The US Labor Department have issued fines of $283,000 for health and safety violations against a company that operates a plant in Pennsylvania packing Hershey's chocolates, saying it had covered up serious injuries to workers.
This followed a six-month investigation prompted by the protests of student workers on an international exchange program. In August last year foreign students working for a Hershey's subcontractor in Pennsylvania gathered in front of the company's store in Times Square to draw attention to worker injuries. The Occupational Safety and Health Administration found that the company, Exel, intentionally failed to report 42 serious injuries over four years to workers at the plant in Palmyra, Pa., or 43% of all such injuries in that period at the plant. The injuries, which were discovered by safety inspectors during their investigation, required medical treatment, and many were related to lifting and moving big boxes of Hershey's chocolates along a packing line. The findings by OSHA against Exel are another black eye for the Hershey Company resulting from moves by its contractor and subcontractors to hire visiting foreign students as temporary labourers for strenuous work on fast-moving lines, packing Reese's cups, Kit-Kat bars and Hershey's Kisses. The fines, which are high for workplace safety offenses, were levied because six of the nine violations were for wilful failure by Exel to protect its workers. 'It was very clear to us that dozens of injuries had not been recorded,' David Michaels, the assistant secretary of labor in charge of OSHA, said Tuesday. 'Exel understood exactly what the law was on reporting. They were aware of these other injuries, and they just did not record them.' Dr. Michaels said that although Exel had been cited primarily for lapses in its records, the failures were serious because they undermined OSHA's ability to monitor work conditions at the plant. 'It's not just paperwork,' he said. 'It's lives and limbs. The requirement to keep track of injuries is the basis for prevention of those injuries.'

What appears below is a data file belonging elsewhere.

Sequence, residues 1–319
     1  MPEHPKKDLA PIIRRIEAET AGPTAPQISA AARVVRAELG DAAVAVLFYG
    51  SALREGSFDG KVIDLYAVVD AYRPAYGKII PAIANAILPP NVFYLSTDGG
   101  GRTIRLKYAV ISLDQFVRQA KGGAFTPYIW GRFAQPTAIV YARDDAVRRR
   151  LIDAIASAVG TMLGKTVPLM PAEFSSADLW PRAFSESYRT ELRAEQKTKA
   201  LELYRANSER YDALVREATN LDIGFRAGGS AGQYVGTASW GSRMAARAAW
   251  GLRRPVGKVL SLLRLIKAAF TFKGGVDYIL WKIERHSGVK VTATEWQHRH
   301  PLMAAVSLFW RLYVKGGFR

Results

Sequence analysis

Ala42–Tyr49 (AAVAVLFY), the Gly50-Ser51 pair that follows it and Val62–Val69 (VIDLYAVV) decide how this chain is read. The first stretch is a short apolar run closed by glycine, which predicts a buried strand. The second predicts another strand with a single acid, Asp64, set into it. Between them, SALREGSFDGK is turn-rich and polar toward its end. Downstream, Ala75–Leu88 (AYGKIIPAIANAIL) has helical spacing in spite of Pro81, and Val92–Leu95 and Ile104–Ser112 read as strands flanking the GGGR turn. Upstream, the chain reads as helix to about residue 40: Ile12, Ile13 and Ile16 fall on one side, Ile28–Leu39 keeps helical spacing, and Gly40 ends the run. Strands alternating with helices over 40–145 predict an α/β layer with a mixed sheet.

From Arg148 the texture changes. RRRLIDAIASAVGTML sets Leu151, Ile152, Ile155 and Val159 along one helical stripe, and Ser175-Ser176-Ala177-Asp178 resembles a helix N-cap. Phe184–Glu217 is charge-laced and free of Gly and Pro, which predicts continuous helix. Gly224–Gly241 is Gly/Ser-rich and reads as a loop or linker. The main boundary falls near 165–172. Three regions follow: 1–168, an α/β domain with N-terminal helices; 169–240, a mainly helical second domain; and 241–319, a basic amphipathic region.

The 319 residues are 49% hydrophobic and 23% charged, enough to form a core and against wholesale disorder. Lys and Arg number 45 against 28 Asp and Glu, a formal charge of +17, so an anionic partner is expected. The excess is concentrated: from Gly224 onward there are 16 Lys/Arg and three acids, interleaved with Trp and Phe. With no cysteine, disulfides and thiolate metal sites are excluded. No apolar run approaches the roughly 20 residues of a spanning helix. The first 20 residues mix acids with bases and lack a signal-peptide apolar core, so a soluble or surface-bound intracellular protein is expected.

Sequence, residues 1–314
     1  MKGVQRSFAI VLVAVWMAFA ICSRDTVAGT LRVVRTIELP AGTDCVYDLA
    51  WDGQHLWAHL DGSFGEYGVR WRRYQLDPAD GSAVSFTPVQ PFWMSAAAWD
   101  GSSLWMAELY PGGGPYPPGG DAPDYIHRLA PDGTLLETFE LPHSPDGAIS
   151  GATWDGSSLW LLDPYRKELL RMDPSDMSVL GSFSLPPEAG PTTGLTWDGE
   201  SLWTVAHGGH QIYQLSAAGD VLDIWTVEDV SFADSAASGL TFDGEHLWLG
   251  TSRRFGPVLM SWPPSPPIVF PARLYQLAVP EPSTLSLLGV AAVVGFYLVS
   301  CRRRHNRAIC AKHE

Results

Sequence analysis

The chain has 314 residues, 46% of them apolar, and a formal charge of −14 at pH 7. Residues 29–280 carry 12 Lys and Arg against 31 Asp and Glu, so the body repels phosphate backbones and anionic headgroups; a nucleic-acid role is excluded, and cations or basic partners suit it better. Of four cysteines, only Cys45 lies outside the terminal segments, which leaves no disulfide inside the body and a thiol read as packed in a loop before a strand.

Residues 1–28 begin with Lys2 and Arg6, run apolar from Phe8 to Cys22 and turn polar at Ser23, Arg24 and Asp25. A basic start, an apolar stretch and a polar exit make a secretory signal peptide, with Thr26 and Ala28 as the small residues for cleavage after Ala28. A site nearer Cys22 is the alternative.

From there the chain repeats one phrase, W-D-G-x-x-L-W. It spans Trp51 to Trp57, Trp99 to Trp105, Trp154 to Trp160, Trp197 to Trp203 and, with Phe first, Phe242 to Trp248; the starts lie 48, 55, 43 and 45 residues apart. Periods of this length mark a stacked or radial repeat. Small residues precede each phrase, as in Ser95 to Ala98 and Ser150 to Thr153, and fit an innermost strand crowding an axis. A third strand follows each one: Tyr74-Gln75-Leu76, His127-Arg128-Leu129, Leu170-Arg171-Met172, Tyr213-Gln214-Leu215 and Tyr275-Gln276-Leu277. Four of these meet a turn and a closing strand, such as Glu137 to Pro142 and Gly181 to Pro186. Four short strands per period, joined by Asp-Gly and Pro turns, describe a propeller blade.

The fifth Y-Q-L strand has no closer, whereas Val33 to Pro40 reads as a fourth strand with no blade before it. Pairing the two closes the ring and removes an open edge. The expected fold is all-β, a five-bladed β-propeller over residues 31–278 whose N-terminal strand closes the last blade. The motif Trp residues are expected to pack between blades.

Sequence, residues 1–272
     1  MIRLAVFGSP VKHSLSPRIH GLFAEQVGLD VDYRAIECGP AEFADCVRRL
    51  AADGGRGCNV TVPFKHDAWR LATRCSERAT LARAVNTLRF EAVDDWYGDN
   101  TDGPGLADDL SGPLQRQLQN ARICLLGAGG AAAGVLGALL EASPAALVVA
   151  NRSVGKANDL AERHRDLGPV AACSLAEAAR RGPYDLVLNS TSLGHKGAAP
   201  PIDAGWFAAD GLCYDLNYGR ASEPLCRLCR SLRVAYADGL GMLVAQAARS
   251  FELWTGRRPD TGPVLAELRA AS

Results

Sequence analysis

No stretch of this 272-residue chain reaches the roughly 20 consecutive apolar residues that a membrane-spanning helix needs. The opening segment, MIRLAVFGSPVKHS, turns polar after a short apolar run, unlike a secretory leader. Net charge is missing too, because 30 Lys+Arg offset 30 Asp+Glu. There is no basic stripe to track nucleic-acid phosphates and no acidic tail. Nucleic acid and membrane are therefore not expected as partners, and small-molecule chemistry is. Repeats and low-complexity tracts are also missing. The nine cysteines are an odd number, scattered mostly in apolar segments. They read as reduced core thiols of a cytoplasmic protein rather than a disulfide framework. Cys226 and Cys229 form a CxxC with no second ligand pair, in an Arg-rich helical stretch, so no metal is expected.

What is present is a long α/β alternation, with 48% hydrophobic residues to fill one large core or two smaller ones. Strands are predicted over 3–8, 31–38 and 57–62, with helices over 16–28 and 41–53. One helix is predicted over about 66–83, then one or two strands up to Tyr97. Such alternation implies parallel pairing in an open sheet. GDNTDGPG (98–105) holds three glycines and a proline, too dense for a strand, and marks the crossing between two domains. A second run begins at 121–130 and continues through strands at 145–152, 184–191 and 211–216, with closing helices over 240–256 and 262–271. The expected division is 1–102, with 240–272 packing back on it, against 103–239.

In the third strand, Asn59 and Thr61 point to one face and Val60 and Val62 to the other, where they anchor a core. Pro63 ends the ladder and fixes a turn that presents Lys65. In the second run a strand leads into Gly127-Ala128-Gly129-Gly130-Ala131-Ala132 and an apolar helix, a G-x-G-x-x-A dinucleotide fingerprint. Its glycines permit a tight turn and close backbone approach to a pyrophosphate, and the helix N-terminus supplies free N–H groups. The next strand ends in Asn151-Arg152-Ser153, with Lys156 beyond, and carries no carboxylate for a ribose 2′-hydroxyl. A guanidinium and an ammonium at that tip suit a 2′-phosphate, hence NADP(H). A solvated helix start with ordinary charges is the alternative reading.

With just over two months to go before the TUC day of action to defend health and safety on Workers Memorial Day, 28th April, the TUC have reminded all union and safety activists to start organising activities now for the day. The TUC is calling on health and safety representatives, trades councils and safety campaigners to make 28th April a day of action to defend health and safety from the attacks on regulation, enforcement, cuts and refusal to tackle the massive toll that health and safety breaches take on workers. Our health and our safety is under attack like never before and we must defend it, for our sake and that of future generations. There are already a range of resources available for use in the run up to the day and more are to be produced over the coming week. A leaflet, poster and three information sheets can be downloaded at http://www.tuc.org.uk/wmd
COURSES FOR JANUARY 2012 TO MARCH 2012
Newsletter (5,300 words) issued 24 Feb 2012